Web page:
By: Pastor Eric Hernando

I have a horrible habit of staring at all of the merchandise that grocery stores pack into the small checkout aisle while standing in line for the register.  Sometimes I catch myself getting caught up in the Hollywood gossip, or having a moment of nostalgia while looking at the bubble tape gum or being impressed that its possible to make cinnamon flavored toothpicks.

It was in this randomness that the idea for HOPEsmalls was born.  While in line one day I noticed a little tin can labeled Altoids smalls sitting right next to the full size can of Altoids.  The Altoids smalls were exactly what the label stated… small Altoids.  There really was no implication that the makers of Altoids felt that there was anything wrong with the larger Altoids, only that occasionally you might need a smaller one.

Jesus told his disciples in Acts 28:19-20,

Go therefore and make disciples of all nations, baptizing them in the name of the Father and of the Son and of the Holy Spirit, teaching them to observe all that I have commanded you.  And behold, I am with you always, to the end of the age.”

Jesus had this idea of having his disciples participate in making and developing more disciples.  Now the label “disciple” can be weird, but for those of us who follow Jesus it is an important label to understand.  The real essence of the word “disciple” conveys more than simply playing a game of “follow the leader” with Jesus; it is the idea of being his student.  Luis Palau states simply that, “A disciple of Jesus is a lifelong student.” Not just the student who grudgingly comes to class or the student who is sleeping in class, but the student who is excited to be in class and also diligent in his studying and assignments.  Jesus wants his followers to be students of himself.  He wants them to learn from Him and about Him and also allow Him to change them so that they begin to reflect him in character, love, and action.  The idea of being a disciple is participating in the process of Jesus being formed in you.

When a person becomes a disciple of Jesus they automatically become a member of the Church.  Now whether or not they attend a local church is another issue, however, it is important to know that Jesus wants His disciples to not simply be in a church, but to be an active part of their local church.  Discipleship, the process of being a disciple, is best lived out in a local church.  When you picture the word “church” a thousand images may come to mind, some good, some not so good, but an image that most people picture is a large group of people sitting in a large room facing the front for about an hour and a half.  In this hour and a half you might be invited to stand and sing a few songs, maybe told to say “hi” to the person sitting next to you and then close it out with about 30 minutes from the preacher talking about something in the Bible.  And while this is important and it does help facilitate a disciple’s learning and growing, it falls short of a complete discipleship process.  You see good discipleship cannot be fully achieved simply by sitting in church week after week.  Herein lies the dilemma.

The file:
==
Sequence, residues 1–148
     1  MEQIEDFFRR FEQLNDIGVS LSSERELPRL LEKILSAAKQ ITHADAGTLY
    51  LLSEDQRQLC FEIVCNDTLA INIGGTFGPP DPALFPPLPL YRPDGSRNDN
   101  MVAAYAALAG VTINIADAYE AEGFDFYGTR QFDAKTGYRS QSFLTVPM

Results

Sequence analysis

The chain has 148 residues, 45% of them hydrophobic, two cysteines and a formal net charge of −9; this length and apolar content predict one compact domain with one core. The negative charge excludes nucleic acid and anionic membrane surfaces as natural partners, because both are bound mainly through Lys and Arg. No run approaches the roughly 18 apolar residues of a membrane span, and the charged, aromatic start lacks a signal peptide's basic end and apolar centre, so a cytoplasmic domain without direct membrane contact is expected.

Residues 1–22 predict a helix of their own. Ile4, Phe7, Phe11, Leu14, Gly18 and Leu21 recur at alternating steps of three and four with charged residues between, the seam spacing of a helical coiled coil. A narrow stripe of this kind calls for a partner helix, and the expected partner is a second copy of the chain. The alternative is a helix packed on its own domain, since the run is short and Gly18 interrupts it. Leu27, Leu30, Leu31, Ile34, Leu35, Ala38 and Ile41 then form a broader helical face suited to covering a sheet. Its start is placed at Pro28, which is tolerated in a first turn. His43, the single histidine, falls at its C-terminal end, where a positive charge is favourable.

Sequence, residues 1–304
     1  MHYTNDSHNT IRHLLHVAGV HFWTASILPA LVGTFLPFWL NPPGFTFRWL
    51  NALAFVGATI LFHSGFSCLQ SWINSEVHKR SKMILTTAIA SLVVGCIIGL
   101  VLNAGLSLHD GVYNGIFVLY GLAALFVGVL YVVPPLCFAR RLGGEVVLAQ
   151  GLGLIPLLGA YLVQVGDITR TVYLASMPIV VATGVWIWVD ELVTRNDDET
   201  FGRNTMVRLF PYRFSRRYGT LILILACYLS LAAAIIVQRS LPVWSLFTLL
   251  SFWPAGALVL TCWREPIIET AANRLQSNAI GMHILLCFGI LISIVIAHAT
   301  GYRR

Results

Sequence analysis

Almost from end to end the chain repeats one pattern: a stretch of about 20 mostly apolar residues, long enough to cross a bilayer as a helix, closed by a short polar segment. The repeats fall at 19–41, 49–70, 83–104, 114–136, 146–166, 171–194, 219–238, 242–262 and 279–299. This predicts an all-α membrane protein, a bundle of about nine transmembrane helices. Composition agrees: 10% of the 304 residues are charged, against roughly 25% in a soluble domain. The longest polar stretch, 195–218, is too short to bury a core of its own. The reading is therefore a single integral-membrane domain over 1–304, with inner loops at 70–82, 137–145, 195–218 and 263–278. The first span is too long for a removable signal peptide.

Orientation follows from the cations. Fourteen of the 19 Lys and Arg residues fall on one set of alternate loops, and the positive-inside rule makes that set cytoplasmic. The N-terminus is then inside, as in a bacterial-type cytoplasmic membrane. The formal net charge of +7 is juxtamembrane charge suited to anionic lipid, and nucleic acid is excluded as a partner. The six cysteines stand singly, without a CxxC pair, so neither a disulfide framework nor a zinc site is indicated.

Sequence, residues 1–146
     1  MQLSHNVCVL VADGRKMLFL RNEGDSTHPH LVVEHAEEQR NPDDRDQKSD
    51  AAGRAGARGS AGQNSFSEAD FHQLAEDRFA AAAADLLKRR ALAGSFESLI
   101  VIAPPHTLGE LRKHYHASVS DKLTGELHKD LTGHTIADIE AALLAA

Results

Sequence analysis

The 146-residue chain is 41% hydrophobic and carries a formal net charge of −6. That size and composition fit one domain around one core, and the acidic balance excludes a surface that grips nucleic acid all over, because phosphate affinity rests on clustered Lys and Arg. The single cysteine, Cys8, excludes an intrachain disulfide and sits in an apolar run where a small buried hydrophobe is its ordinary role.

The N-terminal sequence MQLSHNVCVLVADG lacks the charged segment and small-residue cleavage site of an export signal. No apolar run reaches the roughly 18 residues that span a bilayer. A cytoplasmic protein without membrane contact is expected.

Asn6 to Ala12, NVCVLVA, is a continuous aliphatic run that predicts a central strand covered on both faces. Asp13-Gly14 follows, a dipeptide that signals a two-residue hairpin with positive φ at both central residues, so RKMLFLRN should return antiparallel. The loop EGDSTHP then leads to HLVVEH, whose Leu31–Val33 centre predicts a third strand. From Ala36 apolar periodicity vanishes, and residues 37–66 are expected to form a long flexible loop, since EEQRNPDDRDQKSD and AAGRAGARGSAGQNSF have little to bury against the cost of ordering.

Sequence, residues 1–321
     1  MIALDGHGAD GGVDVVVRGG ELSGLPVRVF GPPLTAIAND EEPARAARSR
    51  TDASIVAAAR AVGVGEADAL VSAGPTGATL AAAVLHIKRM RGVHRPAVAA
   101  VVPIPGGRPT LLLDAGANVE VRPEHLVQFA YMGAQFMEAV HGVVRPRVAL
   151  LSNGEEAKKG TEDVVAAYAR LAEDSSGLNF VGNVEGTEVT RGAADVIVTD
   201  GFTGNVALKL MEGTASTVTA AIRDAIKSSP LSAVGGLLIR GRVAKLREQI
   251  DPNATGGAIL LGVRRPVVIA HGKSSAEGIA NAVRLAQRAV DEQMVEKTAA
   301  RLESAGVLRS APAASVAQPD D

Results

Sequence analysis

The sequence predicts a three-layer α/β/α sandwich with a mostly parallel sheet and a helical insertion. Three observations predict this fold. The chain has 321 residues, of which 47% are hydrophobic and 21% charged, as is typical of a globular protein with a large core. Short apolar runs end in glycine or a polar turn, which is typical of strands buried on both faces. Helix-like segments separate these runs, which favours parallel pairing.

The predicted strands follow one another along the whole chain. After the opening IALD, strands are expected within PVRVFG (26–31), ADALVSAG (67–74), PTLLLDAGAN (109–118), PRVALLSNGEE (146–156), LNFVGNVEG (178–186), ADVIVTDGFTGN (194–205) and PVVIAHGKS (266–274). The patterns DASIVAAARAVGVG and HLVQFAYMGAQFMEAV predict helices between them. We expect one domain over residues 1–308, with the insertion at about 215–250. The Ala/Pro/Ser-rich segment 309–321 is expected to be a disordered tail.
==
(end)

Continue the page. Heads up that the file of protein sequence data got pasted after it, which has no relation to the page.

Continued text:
It was exactly this dilemma that I was thinking of while staring at the full size Altoids and the Altoid smalls in the grocery store checkout line.  A local church must grow smaller, allowing for more personal interaction between disciples, if it wants to do discipleship well.  This doesn’t mean that the church service every Sunday morning is bad, it is simply incomplete.  Disciples of Jesus must be encouraged to enter into relationships and smaller teaching environments where they are able to live life with other disciples.  Notice the description given by Luke in the book of Acts regarding the early church,

“And they devoted themselves to the apostles’ teaching and the fellowship, to the breaking of bread and the prayers.  And awe came upon every soul, and many wonders and signs were being done through the apostles.  And all who believed were together and had all things in common.  And they were selling their possessions and belongings and distributing the proceeds to all, as any had need.  And day by day, attending the temple together and breaking bread in their homes, they received their food with glad and generous hearts, praising God and having favor with all the people. And the Lord added to their number day by day those who were being saved.”

Now I’m not advocating that we sell everything we own and all move in together.  But what I am advocating is that we learn to fellowship and hangout together as disciples and to share a meal every once in a while in each other’s homes.  It is only in doing this that we are able to grow into strong disciples, mature disciples.  It is while disciples of Jesus are hanging out together that they are able to spend time talking about spiritual things and praying for each other’s needs.

This is the heartbeat behind HOPEsmalls.  You see, Hope Chapel may not be a mega-church, but it is still big enough that it can be difficult to find meaningful relationships simply by coming to our Sunday morning program.  But you can find meaningful relationships by getting involved in a Sunday school class, an on campus Bible study, or a Small group.  It is the idea of a small can of HOPEsmalls sitting on the shelf right next to the regular size Hope Chapel metal tin.  Both good and both necessary.


All Scripture references taken from the ESV translation of the Bible